own family, and then you know in your heart the right decision.”
John was in a coma for two weeks after the emergency surgery, with a section
of his skull tucked neatly into his abdomen to keep it alive until it
was safe to replace it. “Then there’s always that one day
when all of a sudden you see a flicker of hope,” Dr. Sherman says.
“You see a flicker of an eye.”
John came out of his coma, but he wasn’t in the fourth quarter yet.
He had months and years of recovery ahead of him.
“I can remember the recovery stage,” John recalls. “Dr.
Shafa would come by the room and ask how I was doing. I couldn’t
wait to say hello. Seeing the doctor that saved your life, that’s
Once out of immediate danger, John moved from Torrance Memorial’s
neurological intensive care unit to transitional care, and there was rehab,
Ann recalls, “before, during and after. When he first started, he
couldn’t even hold his head up.”
Every day, John had occupational therapy, physical therapy and speech therapy.
“It’s like being a baby,” John explains. And it’s
tough. “You have to make it through those tough times because they
definitely will come. Nothing can prepare you, and it’s not easy.”
But John’s a team player, and in addition to his family he had a
team of supporting players in transitional care. “All of the people
you’re dealing with are great. You start to develop relationships
like they’re your brother or sister.” He spent three months
in bed, but by the time he left in mid-April (with his skull back in place),
he was using a walker.
Dr. Sherman did a lot to get John—and his family—to that point.
And it’s about more than just medicine, he explains. “I want
them to feel in control every day. That’s a service we can offer
at Torrance Memorial: We invest and spend time with patients and their
families. That’s what’s required—it’s where the
truth of the oath that you’ve taken as a physician lives. You’ve
got to be side-by-side with the family. There’s a lot of coaching
that goes along with this. John’s an athlete, so he knows what it’s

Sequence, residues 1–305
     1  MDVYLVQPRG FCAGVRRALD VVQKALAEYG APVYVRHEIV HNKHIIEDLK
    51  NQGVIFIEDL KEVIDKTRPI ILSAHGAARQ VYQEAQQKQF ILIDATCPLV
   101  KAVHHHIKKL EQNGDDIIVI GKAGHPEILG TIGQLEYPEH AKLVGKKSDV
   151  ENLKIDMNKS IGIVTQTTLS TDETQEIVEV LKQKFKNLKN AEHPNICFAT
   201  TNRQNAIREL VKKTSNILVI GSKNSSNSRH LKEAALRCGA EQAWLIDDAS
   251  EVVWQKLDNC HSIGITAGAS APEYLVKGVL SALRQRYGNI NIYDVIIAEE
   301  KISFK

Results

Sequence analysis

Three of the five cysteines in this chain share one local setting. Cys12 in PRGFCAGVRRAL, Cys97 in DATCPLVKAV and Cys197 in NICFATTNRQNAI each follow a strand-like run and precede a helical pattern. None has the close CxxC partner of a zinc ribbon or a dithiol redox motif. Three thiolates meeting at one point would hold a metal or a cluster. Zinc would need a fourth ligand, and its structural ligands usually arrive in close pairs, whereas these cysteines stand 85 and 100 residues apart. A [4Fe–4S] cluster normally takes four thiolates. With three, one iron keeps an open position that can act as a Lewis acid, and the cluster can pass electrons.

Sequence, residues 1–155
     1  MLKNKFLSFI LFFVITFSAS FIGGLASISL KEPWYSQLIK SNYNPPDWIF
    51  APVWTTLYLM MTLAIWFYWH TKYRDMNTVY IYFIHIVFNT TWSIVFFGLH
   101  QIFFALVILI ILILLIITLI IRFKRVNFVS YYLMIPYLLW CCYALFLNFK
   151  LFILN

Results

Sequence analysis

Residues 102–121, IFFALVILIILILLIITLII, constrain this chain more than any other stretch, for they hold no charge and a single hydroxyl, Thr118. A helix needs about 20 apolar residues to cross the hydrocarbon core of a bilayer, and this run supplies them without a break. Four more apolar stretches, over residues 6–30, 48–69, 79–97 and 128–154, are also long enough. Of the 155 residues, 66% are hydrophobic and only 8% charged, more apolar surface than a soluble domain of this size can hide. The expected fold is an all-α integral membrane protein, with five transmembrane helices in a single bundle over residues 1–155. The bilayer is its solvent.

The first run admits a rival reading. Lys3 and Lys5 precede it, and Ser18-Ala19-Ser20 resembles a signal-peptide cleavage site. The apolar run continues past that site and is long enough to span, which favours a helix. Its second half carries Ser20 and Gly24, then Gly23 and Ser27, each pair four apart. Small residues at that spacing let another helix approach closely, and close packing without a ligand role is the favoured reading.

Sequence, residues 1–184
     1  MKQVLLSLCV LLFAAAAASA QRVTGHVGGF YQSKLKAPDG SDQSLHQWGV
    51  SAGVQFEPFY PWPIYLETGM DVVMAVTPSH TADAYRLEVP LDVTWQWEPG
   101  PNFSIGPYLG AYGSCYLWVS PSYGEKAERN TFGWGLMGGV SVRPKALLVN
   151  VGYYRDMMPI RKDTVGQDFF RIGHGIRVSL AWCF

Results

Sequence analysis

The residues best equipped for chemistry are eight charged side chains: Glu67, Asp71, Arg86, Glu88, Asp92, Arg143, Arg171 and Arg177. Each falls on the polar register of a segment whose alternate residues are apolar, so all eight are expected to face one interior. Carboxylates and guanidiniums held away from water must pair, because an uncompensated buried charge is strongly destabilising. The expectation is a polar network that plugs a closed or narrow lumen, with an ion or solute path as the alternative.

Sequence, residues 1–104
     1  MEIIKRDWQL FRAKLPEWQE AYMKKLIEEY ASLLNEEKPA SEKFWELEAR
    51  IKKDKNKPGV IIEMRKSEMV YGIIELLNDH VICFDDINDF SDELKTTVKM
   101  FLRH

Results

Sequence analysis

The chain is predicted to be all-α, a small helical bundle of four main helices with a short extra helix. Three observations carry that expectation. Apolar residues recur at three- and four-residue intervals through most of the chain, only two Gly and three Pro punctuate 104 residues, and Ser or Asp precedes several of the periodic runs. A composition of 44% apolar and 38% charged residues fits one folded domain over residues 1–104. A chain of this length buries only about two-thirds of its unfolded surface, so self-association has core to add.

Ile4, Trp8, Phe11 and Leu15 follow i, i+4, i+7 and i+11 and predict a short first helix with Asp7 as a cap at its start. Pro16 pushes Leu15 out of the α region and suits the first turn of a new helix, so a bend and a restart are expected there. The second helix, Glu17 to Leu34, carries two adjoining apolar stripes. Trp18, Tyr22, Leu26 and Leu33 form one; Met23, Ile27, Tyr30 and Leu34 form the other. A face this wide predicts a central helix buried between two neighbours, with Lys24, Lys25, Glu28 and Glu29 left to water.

like to have a coach. Even the best have to have a coach.”
After he left Torrance Memorial in April, John spent almost a month at
a local transitional rehab center, “and the focus every day, all
day, was rehab,” Ann says. Once he was back at home, he returned
to Torrance Memorial three times a week for physical, occupational and
In the year since then, that’s been reduced to less than once a week.
“Even when I go to the hospital now, it’s like seeing your
sister you haven’t seen in a long time,” he says. “It’s
still a great feeling for me to go back to the hospital. That’s
one of the highlights since I’ve been out: keeping an eye out for
people who cared for me.”
There was still something puzzling John, Ann and the team at Torrance Memorial,
though. Why did a relatively young, athletic man like John have a stroke
at all? Cardiologists at the Torrance Memorial Lundquist Lurie Cardiovascular
Institute “discovered a hole in my heart that could allow a blood
clot to pass through and get to my brain,” John explains.
While his medical team is monitoring that condition, John continues to
recover from his stroke. Like any lifelong athlete, he has set himself
some powerful goals with his family and his alma mater. A second-generation
Trojan (his father, John Sr., was a USC football running back coach and
offensive coordinator), until his stroke John was a football commentator
on the USC Trojans Radio Network.
In 2019 his son, John Jackson III, was starting his freshman year as a
wide receiver at USC. “That was my long-term goal while I was in
the hospital,” John says. “To watch him come out of the tunnel
at USC at a game.” On August 31, 2019, as the Trojans took the field
at Los Angeles Memorial Coliseum for their first game of the season, John
was back in the broadcast booth. “To be able to watch my son do
that was a dream come true.”
Now John is looking ahead to his next goals. “My daughter is a very
good soccer player, going into her senior year of high school, and has
committed to USC,” he says. “My goal now is to be able to
watch her play soccer in a USC uniform and be able to talk about her in
my broadcast. And USC has been wanting me to get back. I couldn’t
have had a better combination than Torrance Memorial and USC, and my 9-to-5
job at First American Title Insurance Company, looking out for me and
wanting to take care of my health. I have a hospital and two jobs that
have been caring and looking out for my best interests. My anticipation
is to go back to broadcasting in the fall, and USC has been supportive
of that. I think I’m on track; I just have to keep on getting stronger.”
He continues, “Through all of this, the Torrance Memorial doctors
went above and beyond the call of duty in doing their job. In developing
relationships, they were caring and thoughtful. It’s almost like
they knew what you were going through, mentally and physically. I couldn’t
have had a better combination of doctors, nurses and therapists to get
me to where I am today. I couldn’t be more thankful.”